A short & sweet concert
CHENNAI: It was a short-duration concert, lasting just 90 minutes. It was sweet, nevertheless.
Form is temporary and class is permanent, it is often said. Dr. M. Balamuralikrishna proved this in an unambiguous way, as he gave a mesmerizing concert on January 5. 2014 and brought the curtain down on Sri Parthasarathy Swami Sabha’s music festival for the season. Dr. Balamuralikrishna usually gives one concert during the year for the season. Dr. Balamuralikrishna, as Nalli Kuppuswami Chetty pointed at the end of the concert, has not been keeping good health. Before he commenced his concert, Dr. Balamuralikrishna informed the audience that he won’t be able to sing much, and asked them not to expect more from him. However, as the concert began with an Amirthavarshini varnam (Aapaala Gopaalamu), his own composition, it turned out to be absorbing without doubt. He was accompanied by his disciple during the concert. Be it swara rendering or raga alapana, the veteran vocalist was all classy. He had complete command over the sahithyam, and the nuances of the music. His voice was overpowering, as he went to the base and traversed the upper satjam with easy elegance. He was impeccable, as he went into an expansive alap in raga Chandrika. The raga got a fine treatment from the legend, and it had a tranqulising effect on the listeners. Dr.Balamuralikrishna had composed “Nee Saati neeve Ranga” on the deity of Sri Rangam temple. Nagai Muralidharan on the violin was fantastic, as he brought the raga bhava to the fore with expertise. Another Balamurali’s composition in raga Kamboji “Simha Rupa Deva” on Lord Narasimha, the fourth dasavathara incarnation of Lord Vishnu, was beautiful with thoughtful lyrics as the audience savoured the alap and the composition with rapt attention. Balamurali also rendered Thyagaraja’s “Intanuchu Varnimpa” (Gundakriya raga) with a fine diction. “Edari Sancharitha”(Sruti Ranjani raga) of Thyagaraja was wonderful to listen in his unique rendering style. He signed off the evening concert with a Jayadeva’s final Astapadi of the Gita Govindam “Nijaga Dasa Yadunandane” in Sindhubhairavi.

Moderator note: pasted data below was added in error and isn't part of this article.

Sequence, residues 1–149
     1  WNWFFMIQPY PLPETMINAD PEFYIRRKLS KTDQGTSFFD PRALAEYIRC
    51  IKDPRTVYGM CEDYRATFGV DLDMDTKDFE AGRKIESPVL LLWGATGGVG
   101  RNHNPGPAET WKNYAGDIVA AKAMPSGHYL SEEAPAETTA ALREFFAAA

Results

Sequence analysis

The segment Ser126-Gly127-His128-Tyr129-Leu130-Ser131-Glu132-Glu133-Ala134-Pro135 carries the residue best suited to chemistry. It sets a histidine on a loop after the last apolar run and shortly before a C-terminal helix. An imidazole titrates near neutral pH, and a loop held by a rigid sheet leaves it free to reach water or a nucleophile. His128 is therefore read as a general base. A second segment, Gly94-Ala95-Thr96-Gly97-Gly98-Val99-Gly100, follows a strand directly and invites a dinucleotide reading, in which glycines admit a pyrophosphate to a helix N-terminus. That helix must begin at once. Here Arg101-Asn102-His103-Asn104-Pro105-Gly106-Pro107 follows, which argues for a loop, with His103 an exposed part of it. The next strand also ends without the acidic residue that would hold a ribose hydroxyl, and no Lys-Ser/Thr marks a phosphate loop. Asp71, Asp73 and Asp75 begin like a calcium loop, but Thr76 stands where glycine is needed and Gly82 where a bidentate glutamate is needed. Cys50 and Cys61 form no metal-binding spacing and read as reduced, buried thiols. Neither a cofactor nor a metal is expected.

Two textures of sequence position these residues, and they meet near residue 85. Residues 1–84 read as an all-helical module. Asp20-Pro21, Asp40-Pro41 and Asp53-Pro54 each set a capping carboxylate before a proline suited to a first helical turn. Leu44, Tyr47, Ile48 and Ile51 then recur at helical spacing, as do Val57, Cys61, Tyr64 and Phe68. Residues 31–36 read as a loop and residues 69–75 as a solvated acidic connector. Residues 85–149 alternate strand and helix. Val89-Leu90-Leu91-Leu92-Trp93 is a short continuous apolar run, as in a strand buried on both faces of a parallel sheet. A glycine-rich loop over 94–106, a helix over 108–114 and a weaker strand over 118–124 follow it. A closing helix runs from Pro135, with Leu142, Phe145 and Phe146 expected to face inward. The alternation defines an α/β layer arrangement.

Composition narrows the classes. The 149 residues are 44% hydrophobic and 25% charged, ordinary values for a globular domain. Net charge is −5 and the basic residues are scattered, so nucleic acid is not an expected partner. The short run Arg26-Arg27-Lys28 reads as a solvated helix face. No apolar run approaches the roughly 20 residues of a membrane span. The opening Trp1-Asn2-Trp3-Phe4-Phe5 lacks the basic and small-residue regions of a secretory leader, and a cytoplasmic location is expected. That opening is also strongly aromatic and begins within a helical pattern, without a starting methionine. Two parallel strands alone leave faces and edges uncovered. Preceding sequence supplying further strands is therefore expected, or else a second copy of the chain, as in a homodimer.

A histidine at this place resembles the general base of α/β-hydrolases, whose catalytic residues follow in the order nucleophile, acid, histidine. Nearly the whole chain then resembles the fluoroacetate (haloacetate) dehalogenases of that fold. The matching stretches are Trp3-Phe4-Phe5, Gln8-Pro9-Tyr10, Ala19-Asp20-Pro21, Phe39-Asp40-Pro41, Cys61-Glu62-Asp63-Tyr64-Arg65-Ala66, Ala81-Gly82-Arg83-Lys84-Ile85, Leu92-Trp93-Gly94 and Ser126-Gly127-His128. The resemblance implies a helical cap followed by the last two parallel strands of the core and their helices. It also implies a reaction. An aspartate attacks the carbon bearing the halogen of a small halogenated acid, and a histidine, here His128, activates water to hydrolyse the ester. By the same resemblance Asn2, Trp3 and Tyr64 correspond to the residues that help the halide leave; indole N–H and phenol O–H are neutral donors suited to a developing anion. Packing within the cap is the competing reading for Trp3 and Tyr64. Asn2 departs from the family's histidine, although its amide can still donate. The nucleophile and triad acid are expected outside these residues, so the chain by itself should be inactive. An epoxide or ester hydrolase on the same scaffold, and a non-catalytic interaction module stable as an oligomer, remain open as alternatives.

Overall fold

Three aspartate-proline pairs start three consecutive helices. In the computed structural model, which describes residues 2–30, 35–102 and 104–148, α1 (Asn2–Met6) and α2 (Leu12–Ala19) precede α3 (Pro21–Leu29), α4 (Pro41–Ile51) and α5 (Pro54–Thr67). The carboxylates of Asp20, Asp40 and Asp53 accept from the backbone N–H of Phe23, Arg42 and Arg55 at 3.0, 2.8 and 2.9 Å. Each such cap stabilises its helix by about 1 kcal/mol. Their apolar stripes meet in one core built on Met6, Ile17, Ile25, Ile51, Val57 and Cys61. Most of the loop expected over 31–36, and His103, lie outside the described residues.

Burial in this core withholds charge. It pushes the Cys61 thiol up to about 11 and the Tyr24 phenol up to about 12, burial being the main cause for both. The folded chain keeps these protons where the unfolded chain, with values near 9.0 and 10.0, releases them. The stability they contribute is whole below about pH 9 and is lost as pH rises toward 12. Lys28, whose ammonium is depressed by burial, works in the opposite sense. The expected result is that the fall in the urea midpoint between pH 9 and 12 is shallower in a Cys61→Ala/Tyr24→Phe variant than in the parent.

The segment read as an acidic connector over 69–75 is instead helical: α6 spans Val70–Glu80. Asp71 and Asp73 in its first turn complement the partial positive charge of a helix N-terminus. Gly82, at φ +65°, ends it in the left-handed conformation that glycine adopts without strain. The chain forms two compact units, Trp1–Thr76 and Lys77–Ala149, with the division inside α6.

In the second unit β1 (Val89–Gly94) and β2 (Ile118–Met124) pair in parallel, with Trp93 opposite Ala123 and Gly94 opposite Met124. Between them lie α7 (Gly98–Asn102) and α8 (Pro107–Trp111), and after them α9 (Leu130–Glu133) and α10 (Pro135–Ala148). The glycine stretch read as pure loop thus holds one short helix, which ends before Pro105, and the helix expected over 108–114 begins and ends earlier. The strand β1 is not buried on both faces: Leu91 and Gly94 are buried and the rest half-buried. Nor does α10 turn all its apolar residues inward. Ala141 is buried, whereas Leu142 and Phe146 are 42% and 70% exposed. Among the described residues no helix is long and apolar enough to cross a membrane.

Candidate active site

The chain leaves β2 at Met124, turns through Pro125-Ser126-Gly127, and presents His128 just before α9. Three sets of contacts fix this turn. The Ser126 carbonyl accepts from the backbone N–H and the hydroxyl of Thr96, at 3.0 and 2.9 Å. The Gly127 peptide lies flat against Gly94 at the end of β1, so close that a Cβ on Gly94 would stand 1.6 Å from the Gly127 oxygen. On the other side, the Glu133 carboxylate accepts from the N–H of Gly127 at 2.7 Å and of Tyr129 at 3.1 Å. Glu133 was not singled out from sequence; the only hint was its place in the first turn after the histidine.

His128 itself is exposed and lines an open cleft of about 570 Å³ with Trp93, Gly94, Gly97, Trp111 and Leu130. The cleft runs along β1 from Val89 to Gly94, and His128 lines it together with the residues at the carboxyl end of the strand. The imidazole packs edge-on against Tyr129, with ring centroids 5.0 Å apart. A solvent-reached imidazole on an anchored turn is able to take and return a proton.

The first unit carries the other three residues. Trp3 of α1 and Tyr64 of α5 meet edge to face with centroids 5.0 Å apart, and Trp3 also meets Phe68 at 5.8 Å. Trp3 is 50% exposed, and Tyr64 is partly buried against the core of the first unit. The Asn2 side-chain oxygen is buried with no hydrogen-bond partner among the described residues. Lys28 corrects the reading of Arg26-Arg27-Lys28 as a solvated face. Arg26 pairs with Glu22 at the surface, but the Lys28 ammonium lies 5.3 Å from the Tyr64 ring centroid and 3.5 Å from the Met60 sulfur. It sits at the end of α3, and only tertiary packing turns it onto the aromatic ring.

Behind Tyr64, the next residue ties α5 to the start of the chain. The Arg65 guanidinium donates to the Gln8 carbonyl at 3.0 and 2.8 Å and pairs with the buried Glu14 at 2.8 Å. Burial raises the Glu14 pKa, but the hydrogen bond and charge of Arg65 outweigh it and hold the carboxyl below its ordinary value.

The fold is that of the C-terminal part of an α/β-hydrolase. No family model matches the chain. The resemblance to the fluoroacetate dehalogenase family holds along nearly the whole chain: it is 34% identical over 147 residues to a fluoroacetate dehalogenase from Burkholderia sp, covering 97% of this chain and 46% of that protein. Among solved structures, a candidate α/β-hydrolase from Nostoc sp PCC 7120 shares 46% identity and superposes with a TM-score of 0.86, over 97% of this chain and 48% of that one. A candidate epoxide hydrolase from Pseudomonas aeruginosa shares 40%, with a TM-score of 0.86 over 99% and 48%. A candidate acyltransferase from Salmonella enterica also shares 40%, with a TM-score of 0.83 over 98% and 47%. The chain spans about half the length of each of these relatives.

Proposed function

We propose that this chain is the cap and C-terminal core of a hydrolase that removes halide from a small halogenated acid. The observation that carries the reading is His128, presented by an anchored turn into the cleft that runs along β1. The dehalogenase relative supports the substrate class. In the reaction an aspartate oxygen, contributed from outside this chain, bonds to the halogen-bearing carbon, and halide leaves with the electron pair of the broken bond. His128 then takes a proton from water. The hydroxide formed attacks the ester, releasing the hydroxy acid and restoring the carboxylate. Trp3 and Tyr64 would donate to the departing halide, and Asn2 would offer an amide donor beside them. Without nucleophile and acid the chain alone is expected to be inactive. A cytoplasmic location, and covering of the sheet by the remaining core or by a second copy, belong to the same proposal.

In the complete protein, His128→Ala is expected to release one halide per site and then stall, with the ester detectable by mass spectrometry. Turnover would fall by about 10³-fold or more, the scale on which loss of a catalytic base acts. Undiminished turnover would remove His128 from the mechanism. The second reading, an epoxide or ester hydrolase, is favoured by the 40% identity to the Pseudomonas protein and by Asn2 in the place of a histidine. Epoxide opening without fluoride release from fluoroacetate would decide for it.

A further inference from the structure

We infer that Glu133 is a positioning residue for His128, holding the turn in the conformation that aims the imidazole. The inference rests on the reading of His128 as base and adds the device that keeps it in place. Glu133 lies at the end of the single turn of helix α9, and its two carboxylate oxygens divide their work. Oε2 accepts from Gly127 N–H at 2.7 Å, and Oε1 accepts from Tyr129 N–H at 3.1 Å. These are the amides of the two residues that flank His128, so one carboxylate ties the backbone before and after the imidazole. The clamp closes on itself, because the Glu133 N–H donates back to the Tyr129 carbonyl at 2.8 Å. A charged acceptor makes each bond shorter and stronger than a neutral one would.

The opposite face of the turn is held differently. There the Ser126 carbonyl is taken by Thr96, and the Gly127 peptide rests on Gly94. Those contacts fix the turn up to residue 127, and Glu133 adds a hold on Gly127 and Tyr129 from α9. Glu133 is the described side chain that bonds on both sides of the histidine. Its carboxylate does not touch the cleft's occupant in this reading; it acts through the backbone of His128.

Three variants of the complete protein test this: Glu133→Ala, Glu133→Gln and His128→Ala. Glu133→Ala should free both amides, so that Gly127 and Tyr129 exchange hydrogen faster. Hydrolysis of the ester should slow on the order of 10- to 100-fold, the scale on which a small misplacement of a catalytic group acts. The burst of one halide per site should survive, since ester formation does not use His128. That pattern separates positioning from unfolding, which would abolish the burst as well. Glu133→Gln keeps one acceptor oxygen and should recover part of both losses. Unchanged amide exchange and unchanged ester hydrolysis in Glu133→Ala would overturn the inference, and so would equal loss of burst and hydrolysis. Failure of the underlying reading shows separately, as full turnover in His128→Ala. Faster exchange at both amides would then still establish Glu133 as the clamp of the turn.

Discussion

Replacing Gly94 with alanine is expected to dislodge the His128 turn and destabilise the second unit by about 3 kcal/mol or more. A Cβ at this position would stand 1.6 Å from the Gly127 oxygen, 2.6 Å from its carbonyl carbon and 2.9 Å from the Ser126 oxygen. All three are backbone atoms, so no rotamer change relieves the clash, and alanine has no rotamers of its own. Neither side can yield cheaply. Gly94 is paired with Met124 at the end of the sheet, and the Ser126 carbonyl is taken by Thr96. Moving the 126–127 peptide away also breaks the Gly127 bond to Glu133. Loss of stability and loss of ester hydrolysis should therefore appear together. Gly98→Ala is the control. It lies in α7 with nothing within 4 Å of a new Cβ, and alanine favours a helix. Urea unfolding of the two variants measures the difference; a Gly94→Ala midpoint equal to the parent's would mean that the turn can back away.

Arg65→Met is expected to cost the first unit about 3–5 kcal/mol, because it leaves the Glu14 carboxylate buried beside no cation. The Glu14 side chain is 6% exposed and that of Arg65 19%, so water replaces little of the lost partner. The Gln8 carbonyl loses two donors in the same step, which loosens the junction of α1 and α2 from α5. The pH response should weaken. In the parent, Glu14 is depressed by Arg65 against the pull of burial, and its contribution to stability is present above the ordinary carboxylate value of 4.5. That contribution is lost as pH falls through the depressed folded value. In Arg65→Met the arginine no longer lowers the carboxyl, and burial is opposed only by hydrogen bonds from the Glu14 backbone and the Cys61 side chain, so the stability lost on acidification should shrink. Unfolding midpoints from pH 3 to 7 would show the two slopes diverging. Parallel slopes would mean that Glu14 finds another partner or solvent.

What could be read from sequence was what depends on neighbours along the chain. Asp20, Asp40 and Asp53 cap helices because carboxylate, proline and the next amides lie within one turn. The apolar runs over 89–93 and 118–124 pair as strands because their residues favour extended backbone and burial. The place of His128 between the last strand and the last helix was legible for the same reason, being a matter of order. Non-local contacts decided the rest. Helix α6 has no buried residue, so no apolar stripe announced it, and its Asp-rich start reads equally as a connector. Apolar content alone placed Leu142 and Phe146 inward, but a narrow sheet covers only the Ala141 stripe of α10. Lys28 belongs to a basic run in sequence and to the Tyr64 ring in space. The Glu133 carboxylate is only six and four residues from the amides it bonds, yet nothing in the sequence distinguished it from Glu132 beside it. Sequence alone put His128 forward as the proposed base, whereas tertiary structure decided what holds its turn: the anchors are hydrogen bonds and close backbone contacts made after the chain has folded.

Taniavarthanam between Umayalpuram Sivaraman (Mridangam) and N. Guruprasad (Ghatam) was skillful, and their Vidwath came to fore. Not just that. The fine technique of Umayalpuram Sivaraman was inspiringly beautiful. The way he handled the Mridangam was aesthetic, as he caressed it with the soft strokes but with telling effect. Truly, the concert on this day was a convergence of stalwarts and brilliance.
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